Teen job outlook bleak across the U.S.
Youth unemployment hits half-century high; reaches record level since World War II.
Across the U.S., more than 6.5 million teens and young adults are neither enrolled in school nor working. In Michigan alone, the number is more than 220,000 , reports WNEM.com.
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A new report from the Annie E. Casey Foundation, one of the largest private charitable organizations in the U.S. devoted to improving the lives of children, titled “Youth and Work: Restoring Teen and Young Adult Connections to Opportunity,” shares the following findings:
In 2000, 13 percent of Michigan residents ages 16 to 24 were jobless and not enrolled in school.
By 2012, that number rose to 17 percent, or 220,000.
The number of teens and young adults who are working has been on the decline nationwide.
26 percent of those ages 16 to 19 and only 61 percent of those ages 20 to 24 were working last year.
For Michigan, the employment rates were 29 percent for those 16 to 19, and 59 percent for those 20 to 24.
Together, 45 percent of those 16 to 24 had jobs in Michigan in 2011, down from 67 percent.
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Declining entry-level jobs means fewer prospects for young people, both in Michigan and from across the country, who lack training and education, the report says.
In a Huffington Post article, one of the report’s authors, Laura Speer, said, “The thing that you got and I got from our very first job is mostly about how to work.” She went on to emphasize the importance of early employment as a key to future success. “How to be on a team, how to have a boss, how to show up on time. And those -- what are termed as 'soft skills' -- are things that are really critically important going forward,” Speers said.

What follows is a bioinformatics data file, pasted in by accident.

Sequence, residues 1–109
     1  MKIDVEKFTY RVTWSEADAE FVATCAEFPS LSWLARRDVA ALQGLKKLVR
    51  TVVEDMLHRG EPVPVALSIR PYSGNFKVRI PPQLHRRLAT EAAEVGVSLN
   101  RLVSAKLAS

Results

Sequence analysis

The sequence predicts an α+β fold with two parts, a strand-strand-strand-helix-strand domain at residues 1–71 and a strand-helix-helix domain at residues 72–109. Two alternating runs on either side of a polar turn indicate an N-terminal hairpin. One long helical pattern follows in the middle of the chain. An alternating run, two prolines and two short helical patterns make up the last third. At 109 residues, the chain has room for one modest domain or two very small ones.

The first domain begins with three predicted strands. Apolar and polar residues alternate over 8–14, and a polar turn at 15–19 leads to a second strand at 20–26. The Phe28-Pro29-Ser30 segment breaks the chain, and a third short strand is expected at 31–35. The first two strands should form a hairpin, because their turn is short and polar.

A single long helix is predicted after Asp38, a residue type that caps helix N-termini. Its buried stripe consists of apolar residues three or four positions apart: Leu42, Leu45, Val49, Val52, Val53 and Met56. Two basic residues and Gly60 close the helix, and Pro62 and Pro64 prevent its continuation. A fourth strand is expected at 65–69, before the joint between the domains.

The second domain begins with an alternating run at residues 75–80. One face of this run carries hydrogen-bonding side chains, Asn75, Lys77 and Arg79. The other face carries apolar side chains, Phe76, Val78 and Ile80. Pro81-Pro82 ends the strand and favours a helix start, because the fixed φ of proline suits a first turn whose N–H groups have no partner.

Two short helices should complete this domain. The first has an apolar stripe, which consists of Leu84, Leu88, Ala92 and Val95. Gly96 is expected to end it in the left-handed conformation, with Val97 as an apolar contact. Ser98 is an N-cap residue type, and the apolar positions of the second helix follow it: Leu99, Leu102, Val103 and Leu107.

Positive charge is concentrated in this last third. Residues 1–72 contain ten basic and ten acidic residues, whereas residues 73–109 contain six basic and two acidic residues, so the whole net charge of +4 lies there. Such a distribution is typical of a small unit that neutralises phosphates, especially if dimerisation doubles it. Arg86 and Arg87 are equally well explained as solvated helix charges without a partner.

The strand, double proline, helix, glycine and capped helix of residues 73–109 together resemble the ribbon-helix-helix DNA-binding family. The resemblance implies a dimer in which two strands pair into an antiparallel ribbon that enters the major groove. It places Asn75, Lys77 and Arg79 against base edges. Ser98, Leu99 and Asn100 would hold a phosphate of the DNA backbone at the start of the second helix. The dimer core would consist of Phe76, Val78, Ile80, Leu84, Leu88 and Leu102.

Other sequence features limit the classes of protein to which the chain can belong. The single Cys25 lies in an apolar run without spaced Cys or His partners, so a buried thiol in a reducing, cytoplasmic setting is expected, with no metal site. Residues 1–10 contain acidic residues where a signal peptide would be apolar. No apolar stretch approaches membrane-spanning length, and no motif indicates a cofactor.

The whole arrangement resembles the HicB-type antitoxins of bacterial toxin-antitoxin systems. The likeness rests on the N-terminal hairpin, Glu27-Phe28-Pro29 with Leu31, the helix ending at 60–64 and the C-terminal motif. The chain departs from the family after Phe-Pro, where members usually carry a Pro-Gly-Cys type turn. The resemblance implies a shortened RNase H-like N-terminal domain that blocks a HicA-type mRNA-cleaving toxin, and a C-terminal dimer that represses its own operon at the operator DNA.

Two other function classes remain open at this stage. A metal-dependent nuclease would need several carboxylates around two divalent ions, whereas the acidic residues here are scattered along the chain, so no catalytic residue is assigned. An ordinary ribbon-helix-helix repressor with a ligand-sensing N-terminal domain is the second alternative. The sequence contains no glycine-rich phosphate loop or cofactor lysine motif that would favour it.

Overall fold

“All young people need opportunities to gain work experience and build the skills that are essential to being successful as an adult,” Patrick McCarthy, president and CEO of the Annie E. Casey Foundation, was quoted. “Ensuring youth are prepared for the high-skilled jobs available in today’s economy must be a national priority, for the sake of their future roles as citizens and parents, the future of our workforce and the strength of our nation as a whole.”
Photo: KidStock/Getty Images
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